Susan B. Garland and Rachel L. Sheedy: Strategies Married Couples Can Use to Boost Benefits

David Muhlbaum: Smart Tax Deductions Non-Itemizers Can Claim

Jill Weisenberger, M.S., R.D.N., C.D.E : Before You Lose Your Mental Edge

Dana Dovey: Coffee Drinkers Rejoice! Your Cup Of Joe Can Prevent Death From Liver Disease

Chris Weller: Electric 'Thinking Cap' Puts Your Brain Power Into High Gear

The Kosher Gourmet by Marlene Parrish A gift of hazelnuts keeps giving --- for a variety of nutty recipes: Entree, side, soup, dessert

April 4, 2014

Rabbi David Gutterman: The Word for Nothing Means Everything

Charles Krauthammer: Kerry's folly, Chapter 3

Amy Peterson: A life of love: How to build lasting relationships with your children

John Ericson: Older Women: Save Your Heart, Prevent Stroke Don't Drink Diet

John Ericson: Why 50 million Americans will still have spring allergies after taking meds

Cameron Huddleston: Best and Worst Buys of April 2014

Stacy Rapacon: Great Mutual Funds for Young Investors

Sarah Boesveld: Teacher keeps promise to mail thousands of former students letters written by their past selves

The Kosher Gourmet by Sharon Thompson Anyone can make a salad, you say. But can they make a great salad? (SECRETS, TESTED TECHNIQUES + 4 RECIPES, INCLUDING DRESSINGS)

April 2, 2014

Paul Greenberg: Death and joy in the spring

Dan Barry: Should South Carolina Jews be forced to maintain this chimney built by Germans serving the Nazis?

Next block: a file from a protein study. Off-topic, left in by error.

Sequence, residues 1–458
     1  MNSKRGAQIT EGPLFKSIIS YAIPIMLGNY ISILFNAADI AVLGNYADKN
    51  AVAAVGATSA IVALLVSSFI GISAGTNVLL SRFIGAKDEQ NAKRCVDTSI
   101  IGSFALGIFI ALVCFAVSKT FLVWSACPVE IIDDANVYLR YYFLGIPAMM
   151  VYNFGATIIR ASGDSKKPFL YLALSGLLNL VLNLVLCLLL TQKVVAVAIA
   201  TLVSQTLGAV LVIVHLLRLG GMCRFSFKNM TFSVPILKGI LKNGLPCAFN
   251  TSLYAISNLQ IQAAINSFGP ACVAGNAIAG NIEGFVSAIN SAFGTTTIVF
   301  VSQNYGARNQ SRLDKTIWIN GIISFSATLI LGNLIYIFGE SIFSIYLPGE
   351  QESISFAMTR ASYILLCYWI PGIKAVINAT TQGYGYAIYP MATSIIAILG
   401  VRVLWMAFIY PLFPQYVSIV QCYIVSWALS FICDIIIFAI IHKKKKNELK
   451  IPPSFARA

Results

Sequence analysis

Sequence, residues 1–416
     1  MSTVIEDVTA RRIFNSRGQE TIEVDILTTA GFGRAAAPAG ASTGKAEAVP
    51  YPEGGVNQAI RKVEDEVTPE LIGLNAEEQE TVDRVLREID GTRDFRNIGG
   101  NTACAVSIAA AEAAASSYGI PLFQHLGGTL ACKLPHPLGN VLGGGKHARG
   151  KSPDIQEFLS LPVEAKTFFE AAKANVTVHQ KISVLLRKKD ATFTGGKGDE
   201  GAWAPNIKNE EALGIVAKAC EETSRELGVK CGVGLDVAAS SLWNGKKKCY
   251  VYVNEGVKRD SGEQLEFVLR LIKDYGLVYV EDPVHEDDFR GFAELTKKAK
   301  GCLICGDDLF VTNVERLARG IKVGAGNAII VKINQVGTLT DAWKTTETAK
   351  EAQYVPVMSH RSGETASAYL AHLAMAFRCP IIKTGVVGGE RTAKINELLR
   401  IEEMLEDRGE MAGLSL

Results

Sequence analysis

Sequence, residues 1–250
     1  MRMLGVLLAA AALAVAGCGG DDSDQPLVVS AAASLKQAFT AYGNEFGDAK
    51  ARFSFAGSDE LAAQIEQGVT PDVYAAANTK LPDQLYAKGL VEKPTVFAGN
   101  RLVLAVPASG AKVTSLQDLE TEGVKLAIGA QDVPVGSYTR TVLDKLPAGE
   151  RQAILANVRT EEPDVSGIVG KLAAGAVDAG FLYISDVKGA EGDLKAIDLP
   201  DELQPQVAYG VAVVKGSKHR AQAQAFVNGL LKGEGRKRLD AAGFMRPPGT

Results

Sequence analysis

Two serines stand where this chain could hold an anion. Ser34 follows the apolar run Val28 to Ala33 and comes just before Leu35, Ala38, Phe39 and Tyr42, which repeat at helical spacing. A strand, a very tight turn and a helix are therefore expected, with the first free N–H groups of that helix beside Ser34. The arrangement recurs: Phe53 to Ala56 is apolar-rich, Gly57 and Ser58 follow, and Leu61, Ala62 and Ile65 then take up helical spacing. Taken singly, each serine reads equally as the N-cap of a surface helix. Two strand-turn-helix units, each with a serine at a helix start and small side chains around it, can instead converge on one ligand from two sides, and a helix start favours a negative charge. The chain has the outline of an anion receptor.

Mayra Bitsko: Save me! An alien took over my child's personality

Frank Clayton: Get happy: 20 scientifically proven happiness activities

Susan Scutti: It's Genetic! Obesity and the 'Carb Breakdown' Gene

Lecia Bushak: Why Hand Sanitizer May Actually Harm Your Health

Stacy Rapacon: Great Funds You Can Own for $500 or Less

Cameron Huddleston: 7 Ways to Save on Home Decor

The Kosher Gourmet by Steve Petusevsky Exploring ingredients as edible-stuffed containers (TWO RECIPES + TIPS & TECHINQUES)

Jewish World Review April 15, 2005 / 6 Nissan, 5765

Look who's talking

By Rabbi David Aaron

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The truth about gossip

“For what do we live, but to make sport for our neighbours, and laugh at them in our turn?”

                       — Jane Austen

“Gossip is a sort of smoke that comes from the dirty tobacco-pipes of those who diffuse it: it proves nothing but the bad taste of the smoker.”

                       — George Elliot

“ Whoever speaks with an evil speech — lashon hara — is as if he denied G-d . . . Evil speech kills three people — the one who says it, the one who accepts it, and the one about whom it is said.”

                       — Maimonides, Hilchos Deos 7:3

http://www.JewishWorldReview.com | A philosopher once said, "If a man finds himself, he has a mansion in which he can live for the rest of his life." I would like to add: If a man does not find himself he can build mansion after mansion and try to compensate for the loss of self, but huge as his mansion may be, it won't do the trick.

The real you-the soul- is not at home in the ego. Unless you find your true home, no house — no matter how big — will be a home.

Where is the soul at home?

King David poetically put it in his Psalms: "Only one request I have of G-d, and this I will repeatedly ask: To sit in the House of G-d all the days of my life."